|Things seem to be working, fairly well with the external signing. There are some bugs of course, but these are getting ironed out one at a time.|
Most of the problems stem from hiccups in the Internet not being handled very flexibly. I'm adding code bit-by-bit to make things more stable, attacking the problems that frustrate me most first.
I've added some simple caching to the RemoteMessageSigner so that the nodes and tools do not need to talk to the remote authorizer before every interaction with AWS. This has provided a very substantial speedup to a few parts of the system. I haven't been able to crack the nut of not requiring every SQS message to be signed, but I'll come back to it later, probably after the next Typica release. This is mostly not a big deal, because most of the node types don't have any serious performance restrictions... we want them to go as fast as is convenient, but a little overhead here and there isn't going to hurt us too much.
One exception is the Aggregator. We can only run a single aggregator at a time, and it has to wade through and aggregate all of the experimental results that have been created by the entire grid. It needs to be fast, or it will be too far behind and we'll have a huge latency on the recordbook results getting tallied.
The aggregator is slow for a few reasons. First, it has to download and then periodically upload the result summary files from S3, which are multiple MB. Second, it has to pull each individual result down from S3, and then delete it from S3. So, almost all of its interactions need to be authorized by the external authorizer, and it has lots of interaction with SQS and S3. I think it makes sense to run the Aggregator from the Amazon Compute Cloud, and to use local (instead of remote) signing for the Aggregator messages. Hopefully, with the network and signing latencies removed, it can truly fly and scale up to us having tens or hundreds of nodes generating results at a time.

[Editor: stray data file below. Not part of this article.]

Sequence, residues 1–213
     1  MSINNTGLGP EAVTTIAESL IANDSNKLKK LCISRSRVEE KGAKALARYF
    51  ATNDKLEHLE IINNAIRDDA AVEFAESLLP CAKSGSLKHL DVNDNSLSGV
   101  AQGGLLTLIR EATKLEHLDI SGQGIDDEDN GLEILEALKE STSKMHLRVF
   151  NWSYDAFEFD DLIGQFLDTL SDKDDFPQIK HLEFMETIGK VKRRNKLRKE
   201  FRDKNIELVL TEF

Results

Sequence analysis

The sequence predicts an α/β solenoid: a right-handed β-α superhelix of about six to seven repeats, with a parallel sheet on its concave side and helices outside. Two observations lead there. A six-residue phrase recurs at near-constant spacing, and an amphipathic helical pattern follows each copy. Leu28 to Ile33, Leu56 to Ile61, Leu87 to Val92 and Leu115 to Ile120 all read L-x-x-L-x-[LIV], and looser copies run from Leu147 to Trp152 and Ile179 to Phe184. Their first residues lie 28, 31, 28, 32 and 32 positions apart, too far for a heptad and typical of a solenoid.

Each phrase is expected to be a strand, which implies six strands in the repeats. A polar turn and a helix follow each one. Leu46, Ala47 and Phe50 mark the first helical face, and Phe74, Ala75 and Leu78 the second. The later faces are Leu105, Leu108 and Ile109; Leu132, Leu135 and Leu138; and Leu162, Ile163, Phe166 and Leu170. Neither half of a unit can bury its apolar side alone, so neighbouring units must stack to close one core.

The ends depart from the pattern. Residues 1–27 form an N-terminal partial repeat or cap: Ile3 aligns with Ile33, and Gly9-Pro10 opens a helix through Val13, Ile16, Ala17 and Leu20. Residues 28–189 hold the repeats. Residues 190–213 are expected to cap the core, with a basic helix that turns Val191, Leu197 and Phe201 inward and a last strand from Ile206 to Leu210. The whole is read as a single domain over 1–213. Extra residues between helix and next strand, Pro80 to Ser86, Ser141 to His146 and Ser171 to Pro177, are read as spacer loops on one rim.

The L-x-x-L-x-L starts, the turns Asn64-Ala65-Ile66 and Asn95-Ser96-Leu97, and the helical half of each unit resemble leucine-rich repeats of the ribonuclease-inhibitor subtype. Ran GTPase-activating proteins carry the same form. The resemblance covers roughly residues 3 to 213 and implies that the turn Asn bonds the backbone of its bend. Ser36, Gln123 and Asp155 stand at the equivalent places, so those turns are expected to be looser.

Aggregator is now in the cloud. I'm letting it bypass external authentication by giving it a credentials file that is not in SVN that has the AWS access and secret keys in it. This is ok because the cloud machine is under my control (not an option when distributing code to users). Looks like a 3-6 time speedup, which is really good. Up and downloads to S3 are super fast, and we're processing about 3 records per seconds (instead of 1 record every 1.5-2 seconds). Perhaps this can be parallelized if we add some locking around the file updates and farm the deletions off to another thread.
Now that I have a permanent machine running in the cloud, we might as well move the database and servlet stuff there as well. That's the next step. Then we're actually quite close to "prime time".
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